Each of the perspectives associated with the four terrains can be studied through two major methodological families, namely from either the inside or the outside. This results in eight major methodological families (e.g., phenomenology) or zones associated with integral methodological pluralism (fig. 6). Integral methodological pluralism consists of three principles: inclusion (consult multiple perspectives and methods impartially), enfoldment (prioritize the importance of findings generated from these perspectives and their methods), and enactment (recognize that reality is revealed to individuals through their activity of knowing it). As a result of these three commitments, integral ecology emphasizes the dynamic quality of ecological realities as being enacted by an observer using a particular way of observing to observe a specific part of nature. In other words, ecological realities are understood as a dynamic interaction between the who, how, and what. These three principles are what allow integral ecology to recognize and interrelate 200 distinct perspectives on nature.

    Among the 200 perspectives on ecology and the natural world that we have identified, there are many
    approaches that specialize in using the methods, practices, and techniques associated with each of the
    eight zones. Consequently, an integral approach to ecology must include all eight zones or it inadvertently leaves out important aspects of reality that have a bearing on achieving effective ecological solutions to our planetary problems. In other words, the more of reality we acknowledge and include, the more sustainable our solutions will become, precisely because the project will respond to the complexity of that reality. We cannot exclude major dimensions of reality and expect comprehensive, sustainable results. Eventually those realities that have been excluded will demand recognition and incorporation as the design falters and is abandoned for more nuanced and comprehensive strategies. Hence the need for an integral approach.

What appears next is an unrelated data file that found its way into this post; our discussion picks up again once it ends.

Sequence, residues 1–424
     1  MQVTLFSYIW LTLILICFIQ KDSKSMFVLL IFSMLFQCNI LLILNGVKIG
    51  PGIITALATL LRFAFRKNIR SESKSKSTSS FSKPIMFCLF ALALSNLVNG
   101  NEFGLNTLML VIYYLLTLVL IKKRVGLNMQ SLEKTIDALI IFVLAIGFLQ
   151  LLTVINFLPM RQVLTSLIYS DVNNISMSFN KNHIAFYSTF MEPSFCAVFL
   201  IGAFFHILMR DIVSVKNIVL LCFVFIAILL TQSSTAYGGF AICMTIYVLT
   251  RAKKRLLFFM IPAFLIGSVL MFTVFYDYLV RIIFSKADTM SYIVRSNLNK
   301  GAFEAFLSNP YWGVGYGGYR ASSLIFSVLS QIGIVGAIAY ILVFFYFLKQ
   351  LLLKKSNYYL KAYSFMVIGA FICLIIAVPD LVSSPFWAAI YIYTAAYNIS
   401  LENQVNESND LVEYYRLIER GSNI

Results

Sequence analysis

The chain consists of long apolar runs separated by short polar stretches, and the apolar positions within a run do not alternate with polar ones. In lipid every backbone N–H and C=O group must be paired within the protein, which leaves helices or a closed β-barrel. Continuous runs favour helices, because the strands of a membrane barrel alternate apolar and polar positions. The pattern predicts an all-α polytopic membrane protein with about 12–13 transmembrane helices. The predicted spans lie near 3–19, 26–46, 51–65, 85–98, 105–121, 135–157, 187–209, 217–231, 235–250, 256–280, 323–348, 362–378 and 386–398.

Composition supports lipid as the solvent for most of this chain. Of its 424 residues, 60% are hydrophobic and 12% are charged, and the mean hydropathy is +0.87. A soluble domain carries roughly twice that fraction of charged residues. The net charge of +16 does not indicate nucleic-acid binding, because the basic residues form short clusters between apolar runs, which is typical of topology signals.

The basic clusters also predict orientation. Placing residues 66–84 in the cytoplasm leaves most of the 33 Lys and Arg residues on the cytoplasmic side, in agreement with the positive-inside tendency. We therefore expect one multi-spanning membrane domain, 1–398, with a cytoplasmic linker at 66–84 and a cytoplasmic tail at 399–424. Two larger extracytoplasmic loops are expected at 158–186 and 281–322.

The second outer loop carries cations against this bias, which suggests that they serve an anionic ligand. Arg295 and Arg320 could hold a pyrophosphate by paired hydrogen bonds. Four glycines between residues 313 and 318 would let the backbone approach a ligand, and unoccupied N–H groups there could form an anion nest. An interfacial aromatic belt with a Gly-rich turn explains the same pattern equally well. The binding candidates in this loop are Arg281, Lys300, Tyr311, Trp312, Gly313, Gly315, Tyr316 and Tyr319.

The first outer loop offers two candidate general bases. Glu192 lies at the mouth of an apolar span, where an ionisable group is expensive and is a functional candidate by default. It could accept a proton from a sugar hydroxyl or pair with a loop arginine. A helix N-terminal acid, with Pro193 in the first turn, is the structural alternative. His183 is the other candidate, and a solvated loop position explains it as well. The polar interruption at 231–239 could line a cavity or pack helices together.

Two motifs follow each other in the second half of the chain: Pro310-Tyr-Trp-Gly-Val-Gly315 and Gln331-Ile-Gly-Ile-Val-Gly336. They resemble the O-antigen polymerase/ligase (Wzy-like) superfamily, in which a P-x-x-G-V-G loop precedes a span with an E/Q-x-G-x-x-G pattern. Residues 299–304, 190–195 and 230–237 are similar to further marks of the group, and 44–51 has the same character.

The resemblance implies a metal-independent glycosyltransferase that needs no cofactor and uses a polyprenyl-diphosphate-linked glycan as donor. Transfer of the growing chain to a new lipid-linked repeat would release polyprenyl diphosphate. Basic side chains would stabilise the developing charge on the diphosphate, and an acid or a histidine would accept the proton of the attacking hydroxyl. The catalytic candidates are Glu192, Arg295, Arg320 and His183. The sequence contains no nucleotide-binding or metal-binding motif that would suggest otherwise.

After using integral methodological pluralism to develop a solution to a particular environmental
    problem, integral ecology practitioners must communicate that solution in ways consistent with the
    worldviews and values of a given audience. For example, extensive psycho-cultural research indicates
    that about 30%–40% of the adult population of the United States holds traditional values
    (e.g., conservative Christian), 30%–50% holds modern values (e.g., people committed to democratic
    individualism and science-oriented rationality), and 10%–30% hold postmodern values (e.g., environmentalists concerned with ending socio-cultural hierarchy and the domination of nature) (see the
    research by Willett Kempton and colleagues as well as the work of Paul Ray and Sherry Ruth Anderson).
    In fact, cross-cultural research indicates that these three kinds of values are found in many
    countries across the globe. Integral ecology sees how each of these different worldviews contributes
    towards environmental solutions, and representatives from all these perspectives need to be included
    in our efforts.


    Conclusion

    In summary, there are numerous approaches to the environment: philosophical, spiritual, religious,
    social, political, cultural, behavioral, scientific, and psychological. Each highlights an essential component, but too often remains silent concerning other important dimensions. To overcome this fragmentation, integral ecology provides a way of weaving all approaches into an environmental tapestry, an ecology of ecologies that honors not just the physical ecology of systems and behaviors, but includes the cultural and intentional aspects as well—at all levels of organization. Thus, integral ecology
    is the study of the four terrains of the natural world at different levels of complexity. In addition,
    integral ecology takes into account the multiple worldviews within individuals, communities, and
    cultures, and their accompanying environmental perspectives—each with its specific forms of mutual